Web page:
Academic journal article Community College Review

Community Colleges under the Microscope: An Analysis of Performance Predictors for Native and Transfer Students

Academic journal article Community College Review

Community Colleges under the Microscope: An Analysis of Performance Predictors for Native and Transfer Students

Article excerpt

Stratified random samples of native and transfer students at a university were compared based on data extracted from student transcripts for 1989, 1990, and 1991. Transfers' first-semester GPAs at the university were less than their community college cumulative GPAs, but natives maintained similar upper and lower division GPAs. Regression analysis revealed, however, that upper division GPAs varied little between native and transfer students when influences of related variables were held constant. Separate regression analyses of transfer and native variables detected that lower division GPA and major were significant predictors of upper division GPA for both groups, but more so for transfers than for natives, with business and science majors earning lower GPAs than others. Although race was not a significant predictor for transfers, it was the most significant predictor for native students: White natives earned higher upper division GPAs than minority natives. The authors conclude that community colleges need to improve the rigor of their business and science programs, but they provide nurturing environments for minority students.

Nearly 50% of those enrolled in public institutions of higher learning (National Center for Education Statistics, 1996) attend one of a thousand or so public community colleges in the United States (The Chronicle of Higher Education, 1995). When considering the long-term implications for success at four-year colleges, however, the quality of community college education has been and continues to be controversial and widely debated (Brint & Karabel, 1989; Dougherty, 1994; Parnell, 1982; Zwerling, 1976, 1986).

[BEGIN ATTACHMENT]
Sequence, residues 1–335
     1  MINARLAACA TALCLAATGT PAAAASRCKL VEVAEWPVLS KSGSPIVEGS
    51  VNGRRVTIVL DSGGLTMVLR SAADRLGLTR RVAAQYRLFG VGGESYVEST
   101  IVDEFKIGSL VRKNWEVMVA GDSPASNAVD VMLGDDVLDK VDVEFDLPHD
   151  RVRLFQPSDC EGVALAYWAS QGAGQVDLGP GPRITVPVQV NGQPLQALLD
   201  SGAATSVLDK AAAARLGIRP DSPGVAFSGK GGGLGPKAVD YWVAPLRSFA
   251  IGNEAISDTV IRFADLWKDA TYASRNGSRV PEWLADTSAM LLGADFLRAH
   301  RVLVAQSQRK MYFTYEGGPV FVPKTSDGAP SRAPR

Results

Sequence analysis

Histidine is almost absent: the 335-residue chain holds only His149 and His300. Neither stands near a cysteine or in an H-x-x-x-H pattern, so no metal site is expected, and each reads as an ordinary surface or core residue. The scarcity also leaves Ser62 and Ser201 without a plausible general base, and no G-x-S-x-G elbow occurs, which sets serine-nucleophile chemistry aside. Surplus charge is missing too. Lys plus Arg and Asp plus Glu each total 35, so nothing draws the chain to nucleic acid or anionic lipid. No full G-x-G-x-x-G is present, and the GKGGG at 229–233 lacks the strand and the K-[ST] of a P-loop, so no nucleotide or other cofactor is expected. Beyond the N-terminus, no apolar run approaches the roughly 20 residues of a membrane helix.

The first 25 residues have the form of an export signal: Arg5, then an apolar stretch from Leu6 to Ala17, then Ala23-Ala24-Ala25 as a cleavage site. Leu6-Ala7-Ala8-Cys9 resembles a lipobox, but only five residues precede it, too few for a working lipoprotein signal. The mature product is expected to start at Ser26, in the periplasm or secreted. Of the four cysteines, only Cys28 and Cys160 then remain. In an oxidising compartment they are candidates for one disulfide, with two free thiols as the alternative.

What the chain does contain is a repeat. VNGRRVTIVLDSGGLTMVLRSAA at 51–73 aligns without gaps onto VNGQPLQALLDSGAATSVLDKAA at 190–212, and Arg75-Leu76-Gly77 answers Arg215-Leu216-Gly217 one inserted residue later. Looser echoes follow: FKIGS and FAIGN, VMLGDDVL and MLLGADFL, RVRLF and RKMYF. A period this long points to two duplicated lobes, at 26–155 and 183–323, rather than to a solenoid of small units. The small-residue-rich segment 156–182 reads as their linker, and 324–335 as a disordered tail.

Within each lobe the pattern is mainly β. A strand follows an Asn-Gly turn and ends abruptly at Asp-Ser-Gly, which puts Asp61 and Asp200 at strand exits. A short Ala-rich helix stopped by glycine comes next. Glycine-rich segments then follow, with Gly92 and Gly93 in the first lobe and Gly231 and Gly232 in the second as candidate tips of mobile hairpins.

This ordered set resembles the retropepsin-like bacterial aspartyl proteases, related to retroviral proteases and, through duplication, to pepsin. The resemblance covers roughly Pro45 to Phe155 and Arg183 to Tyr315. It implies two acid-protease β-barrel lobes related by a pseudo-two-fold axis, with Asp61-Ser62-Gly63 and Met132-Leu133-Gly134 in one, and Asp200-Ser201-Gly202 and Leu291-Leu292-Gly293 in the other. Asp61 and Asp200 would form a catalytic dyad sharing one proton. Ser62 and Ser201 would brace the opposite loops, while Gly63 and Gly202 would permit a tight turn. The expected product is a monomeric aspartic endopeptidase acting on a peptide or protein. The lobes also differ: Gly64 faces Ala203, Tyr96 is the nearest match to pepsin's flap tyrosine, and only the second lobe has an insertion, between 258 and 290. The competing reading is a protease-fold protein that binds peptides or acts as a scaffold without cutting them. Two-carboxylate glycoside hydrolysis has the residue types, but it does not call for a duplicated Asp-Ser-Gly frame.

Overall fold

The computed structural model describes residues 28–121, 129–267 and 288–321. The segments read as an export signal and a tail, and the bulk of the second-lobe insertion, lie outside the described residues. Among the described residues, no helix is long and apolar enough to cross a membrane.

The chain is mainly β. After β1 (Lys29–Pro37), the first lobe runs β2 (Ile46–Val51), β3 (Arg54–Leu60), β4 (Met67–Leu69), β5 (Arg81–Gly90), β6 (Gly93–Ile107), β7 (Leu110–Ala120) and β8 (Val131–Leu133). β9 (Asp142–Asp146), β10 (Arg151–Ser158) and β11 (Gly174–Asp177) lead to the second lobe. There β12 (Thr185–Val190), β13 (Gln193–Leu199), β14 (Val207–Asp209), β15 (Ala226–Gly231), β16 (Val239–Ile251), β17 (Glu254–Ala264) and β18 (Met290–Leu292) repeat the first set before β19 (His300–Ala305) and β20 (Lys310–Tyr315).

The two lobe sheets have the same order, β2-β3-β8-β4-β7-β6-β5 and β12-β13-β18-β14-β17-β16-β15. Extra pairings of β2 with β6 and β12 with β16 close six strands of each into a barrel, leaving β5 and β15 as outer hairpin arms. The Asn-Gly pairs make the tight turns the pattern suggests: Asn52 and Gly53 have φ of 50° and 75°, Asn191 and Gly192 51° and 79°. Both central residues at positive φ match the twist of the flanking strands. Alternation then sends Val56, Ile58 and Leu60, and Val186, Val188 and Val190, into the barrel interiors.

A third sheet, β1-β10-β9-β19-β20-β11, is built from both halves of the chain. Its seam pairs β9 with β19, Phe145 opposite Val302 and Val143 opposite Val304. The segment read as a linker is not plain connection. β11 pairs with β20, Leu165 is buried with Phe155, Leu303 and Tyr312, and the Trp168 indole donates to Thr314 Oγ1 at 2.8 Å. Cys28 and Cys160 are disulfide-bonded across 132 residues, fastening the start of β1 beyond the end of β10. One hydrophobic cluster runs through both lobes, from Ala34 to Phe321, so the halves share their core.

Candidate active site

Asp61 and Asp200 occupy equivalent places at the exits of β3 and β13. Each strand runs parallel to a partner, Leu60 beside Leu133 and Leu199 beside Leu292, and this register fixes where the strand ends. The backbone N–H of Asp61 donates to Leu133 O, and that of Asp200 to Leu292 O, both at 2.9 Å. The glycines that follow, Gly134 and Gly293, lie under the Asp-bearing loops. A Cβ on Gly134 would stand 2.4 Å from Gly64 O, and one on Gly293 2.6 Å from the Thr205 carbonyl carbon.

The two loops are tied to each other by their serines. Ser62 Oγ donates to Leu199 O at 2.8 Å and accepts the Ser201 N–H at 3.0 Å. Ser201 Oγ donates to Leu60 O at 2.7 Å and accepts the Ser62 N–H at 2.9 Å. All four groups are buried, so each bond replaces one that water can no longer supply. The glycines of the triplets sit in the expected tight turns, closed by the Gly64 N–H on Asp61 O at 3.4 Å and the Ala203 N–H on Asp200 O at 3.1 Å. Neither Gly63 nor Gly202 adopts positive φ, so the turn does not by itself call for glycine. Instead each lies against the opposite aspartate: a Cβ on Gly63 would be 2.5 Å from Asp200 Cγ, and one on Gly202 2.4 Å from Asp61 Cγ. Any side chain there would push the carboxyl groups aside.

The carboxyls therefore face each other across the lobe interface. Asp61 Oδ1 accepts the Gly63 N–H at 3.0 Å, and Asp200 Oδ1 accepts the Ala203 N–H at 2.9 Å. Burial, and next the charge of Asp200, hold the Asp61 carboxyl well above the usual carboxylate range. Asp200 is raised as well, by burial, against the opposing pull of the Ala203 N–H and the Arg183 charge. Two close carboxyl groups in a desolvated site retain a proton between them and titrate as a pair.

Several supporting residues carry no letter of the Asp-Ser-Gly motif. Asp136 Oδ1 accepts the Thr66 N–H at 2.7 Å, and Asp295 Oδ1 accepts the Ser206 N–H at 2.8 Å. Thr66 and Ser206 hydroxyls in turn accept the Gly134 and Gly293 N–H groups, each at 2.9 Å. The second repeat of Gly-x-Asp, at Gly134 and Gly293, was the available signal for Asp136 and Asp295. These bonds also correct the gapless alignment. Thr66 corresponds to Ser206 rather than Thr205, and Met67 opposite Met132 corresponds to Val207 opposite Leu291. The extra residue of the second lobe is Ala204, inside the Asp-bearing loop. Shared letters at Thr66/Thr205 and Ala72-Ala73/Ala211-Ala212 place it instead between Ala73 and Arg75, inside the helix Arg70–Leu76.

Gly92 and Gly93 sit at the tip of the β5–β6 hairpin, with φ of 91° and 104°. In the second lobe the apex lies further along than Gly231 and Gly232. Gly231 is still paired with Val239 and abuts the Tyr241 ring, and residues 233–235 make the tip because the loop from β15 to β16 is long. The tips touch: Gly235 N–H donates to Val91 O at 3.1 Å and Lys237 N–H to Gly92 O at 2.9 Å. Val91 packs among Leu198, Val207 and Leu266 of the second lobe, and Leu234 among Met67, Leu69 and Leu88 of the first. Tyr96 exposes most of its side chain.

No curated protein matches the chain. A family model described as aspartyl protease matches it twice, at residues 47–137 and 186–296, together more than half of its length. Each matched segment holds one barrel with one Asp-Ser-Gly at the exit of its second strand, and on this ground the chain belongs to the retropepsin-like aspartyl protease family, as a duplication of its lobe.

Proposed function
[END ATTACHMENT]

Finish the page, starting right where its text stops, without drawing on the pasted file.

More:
Community colleges have been praised for their democratic access to higher education (Gleazer, 1980; Griffith & Connor, 1994) and heralded as "People Colleges," "Democracy Colleges," and "Opportunity Colleges" (Gleazer, 1980, p. 88) while simultaneously being criticized for severe limitations (Brint & Karabel, 1989; McGrath & Spear, 1991). Much literature questioning the intent and quality of community college education exists. McGrath and Spear (1991) chronicle a crisis resulting from a lack of academic rigor in the community college classroom. They state that "as the average level of academic preparedness and interest of students declines, the faculty respond by simply watering down the requirements" (p. 17). Along a similar vein, Brint and Karabel (1989) argue that the community college is not a springboard to four-year institutions but manages ambition and diverts students from four-year colleges.

Conversely, proponents of community colleges emphasize the needs of the learner. They recognize that the majority of their student population traditionally has been excluded from participating in higher education, and they support extending educational opportunity to all persons (Gleazer, 1980). Because of this commitment, community colleges are widely regarded as the best and most humanized form of undergraduate instruction (Southerland, 1986). Yet despite the positive evaluations, community college faculty continue to be regarded as inferior educators (Vaughan, 1992) because four-year college faculty continue to command more respect as scholars than two-year college faculty.

Leading Criticisms Against the Community College

Are students who begin their studies at four-year institutions (native students) better prepared for junior and senior educational endeavors (upper division course work) than community college transfer students? Two major explanations are often used to explain grade differences between transfer and native students: (a) the aptitude differences between the two groups and (b) the nurturing environment that is more predominant in community colleges than four-year colleges.


The aptitude argument suggests that the lower ability of community college entrants offers an explanation for decreased performance levels at the four-year college. …

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